Raise Your Stein, Here’s The Ultimate First Timer’s Guide To Munich

By Rachel Lay
20th Feb 2020

things to do in munich

What if we told you there’s more to Munich than just Oktoberfest? Mind blowing, right? Don’t get us wrong: there’s plenty to do in Munich if you’re here for the beers, but it would be remiss to leave Munich off your itinerary if you think you’ve done Germany because you’ve seen Berlin.

Munich swaps Berlin’s nightclub scene for Bavarian Beer Halls, fairytale like architecture and everything done with a sprinkle of Bavarian culture. 

So, if you’re ready to discover more the beauty this city has to offer, here’s the ultimate first timer’s guide to Munich (even when Oktoberfest isn’t on).

When To Go

If you’re travelling for Oktoberfest there are no prizes for guessing when to visit. If you’re visiting outside of then, we recommend March to May for less tourists and temperate weather. If you’re in town to check out Bavaria in all of it’s autumnal glory, then you really can’t beat a visit in the September to November. While a visit in summer will have you thanking the weather gods for the best beer garden vibes, ever.

Where To Stay

Munich doesn't have the strongest Airbnb game and prices fluctuate heavily depending on the season, so a hotel if your best bet here.

The Altstadt is peak fairy tale vibes and the heart of Munich’s old town. If you’re looking for an insanely picturesque spot to stay, circle Altstadt on your map and get ready to check in to the Louis Hotel. If you pick this as your base you’ll be an easy stroll away from the city’s most impressive sites. Like Marienplatz (pretty much the heart of the CBD) and all of the city’s best beer halls. And if you visit during the Christmas season you’ll be a whisker away from the Christmas markets too.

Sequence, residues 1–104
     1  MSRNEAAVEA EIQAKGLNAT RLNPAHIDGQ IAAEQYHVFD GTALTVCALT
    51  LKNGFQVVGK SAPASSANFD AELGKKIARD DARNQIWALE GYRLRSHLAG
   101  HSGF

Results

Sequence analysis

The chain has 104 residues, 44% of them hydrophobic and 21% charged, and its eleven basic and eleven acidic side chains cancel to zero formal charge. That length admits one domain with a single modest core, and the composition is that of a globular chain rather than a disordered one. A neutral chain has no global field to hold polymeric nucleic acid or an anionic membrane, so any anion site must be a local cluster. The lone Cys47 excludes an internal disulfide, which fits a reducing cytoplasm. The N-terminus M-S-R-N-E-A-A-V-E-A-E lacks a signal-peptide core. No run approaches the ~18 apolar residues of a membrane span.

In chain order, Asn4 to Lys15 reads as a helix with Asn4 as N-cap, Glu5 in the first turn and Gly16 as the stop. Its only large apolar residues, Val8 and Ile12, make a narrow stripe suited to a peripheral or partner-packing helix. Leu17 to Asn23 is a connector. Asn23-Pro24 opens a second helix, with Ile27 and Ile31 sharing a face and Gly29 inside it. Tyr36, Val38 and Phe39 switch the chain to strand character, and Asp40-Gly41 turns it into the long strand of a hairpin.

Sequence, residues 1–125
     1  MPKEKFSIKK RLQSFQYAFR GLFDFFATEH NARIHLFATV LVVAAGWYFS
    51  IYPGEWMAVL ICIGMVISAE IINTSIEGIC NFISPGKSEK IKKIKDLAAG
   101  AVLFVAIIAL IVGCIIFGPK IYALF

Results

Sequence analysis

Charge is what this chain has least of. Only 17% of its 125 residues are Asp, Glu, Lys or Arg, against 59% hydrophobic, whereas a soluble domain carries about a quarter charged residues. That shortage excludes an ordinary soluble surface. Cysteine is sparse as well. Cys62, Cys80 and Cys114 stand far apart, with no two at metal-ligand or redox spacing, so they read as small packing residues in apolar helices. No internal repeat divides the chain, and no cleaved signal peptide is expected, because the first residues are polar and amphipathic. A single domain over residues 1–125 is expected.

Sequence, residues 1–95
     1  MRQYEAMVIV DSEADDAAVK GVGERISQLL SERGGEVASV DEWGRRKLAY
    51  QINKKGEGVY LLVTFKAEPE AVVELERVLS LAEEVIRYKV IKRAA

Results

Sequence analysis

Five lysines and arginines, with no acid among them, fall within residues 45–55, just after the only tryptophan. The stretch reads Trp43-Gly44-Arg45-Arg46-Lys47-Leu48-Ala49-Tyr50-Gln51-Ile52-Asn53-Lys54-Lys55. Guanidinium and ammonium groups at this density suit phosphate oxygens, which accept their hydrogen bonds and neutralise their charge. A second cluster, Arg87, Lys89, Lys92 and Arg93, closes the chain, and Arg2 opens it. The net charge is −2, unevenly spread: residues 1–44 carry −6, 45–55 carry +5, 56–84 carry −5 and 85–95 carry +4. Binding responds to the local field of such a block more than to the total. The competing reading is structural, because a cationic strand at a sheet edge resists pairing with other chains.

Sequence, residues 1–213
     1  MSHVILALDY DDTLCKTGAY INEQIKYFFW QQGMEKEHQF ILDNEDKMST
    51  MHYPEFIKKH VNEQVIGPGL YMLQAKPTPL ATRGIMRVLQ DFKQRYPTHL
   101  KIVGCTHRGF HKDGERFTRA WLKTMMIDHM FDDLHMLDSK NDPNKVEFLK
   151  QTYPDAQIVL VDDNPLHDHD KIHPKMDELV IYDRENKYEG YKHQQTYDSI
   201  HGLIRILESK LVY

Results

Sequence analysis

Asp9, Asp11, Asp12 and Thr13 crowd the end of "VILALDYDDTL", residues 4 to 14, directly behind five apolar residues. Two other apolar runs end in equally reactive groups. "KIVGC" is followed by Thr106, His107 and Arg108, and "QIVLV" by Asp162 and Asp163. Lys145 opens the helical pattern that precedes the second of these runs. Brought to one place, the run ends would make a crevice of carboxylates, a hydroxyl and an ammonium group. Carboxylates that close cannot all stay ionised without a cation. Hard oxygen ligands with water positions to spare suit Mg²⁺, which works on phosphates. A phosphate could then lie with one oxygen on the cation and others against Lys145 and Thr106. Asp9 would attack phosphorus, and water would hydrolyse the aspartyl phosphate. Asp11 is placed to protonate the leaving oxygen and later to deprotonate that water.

If you’re up for more of a vibe, then Glockenbach is your ‘hood. This is where Munich’s Bavarian conservativeness lays to rest and the party begins. This is the spot for LGBTQ+ bars, Australian-level brunch and coffee spots and a heady taste of local life away from Marienplatz’s swathes of tourists and walking tours. The Flushing Meadows is a dreamy design hotel you’ll probably recognise from Pinterest. You’ll find it in an industrial building nestled alongside one of Munich’s lavish parks. Even better, it boasts an epic rooftop bar.

Last but not least is Schwabing aka the hipster capital of Munich. Staying here is perfect if you’re looking to spend your days exploring the huge Englischer Garten (it’s bigger than Central Park in NYC!) and hitting up vintage stores. Accomodation options here are more traditional to Munich’s history than the aforementioned design hotels, but offer a much more authentic experience. We love the Das Nikolai Hotel with its airy bay windows and pastel yellow exterior, while the Englischer Garten Guest House is smack bang on the gardens and delivers a strong punch of Bavarian vibes. 

Things To Do

Go Surfing

Yep, surfing. But not the surfing we’re used to. You can watch some (very) brave Bavarians riding their kevlar-coated boards on the waves created as the Eisbachwelle River passes under a bridge on the edge of the Englischer Gardens. You’ll find the surfers lining the banks all year long—even in winter. This is one we’d save for the locals only, but pack a picnic of beers and fresh pretzels and you can watch these guys all day.


The perks of a city filled with ancient, towering churches? Plenty of epic vantage points to catch the sunset at. The city’s most famous church, St Stephans, is a great spot in the centre of Munich to watch the sunset over the city’s breathtaking skyline. On a clear day, you can even see out to the alps. Another great option is the ‘onion church’. The Frauenkirche earned this nickname from locals thanks to its two green onion shaped domes. Climb up the South Tower for the perfect sunset vista from one of the most iconic spots in Munich.

Pause For History

When in Germany, no visit is complete without taking the time to pause and remember the area’s history. In Munich, you can take a poignant visit to the Dachau Concentration Camp to witness the horror of the war first hand. Fair warning: this is an intense day trip. You can also spend a day at the NS-Dokumentationzentrum where thousands upon thousands of Nazi documents are kept.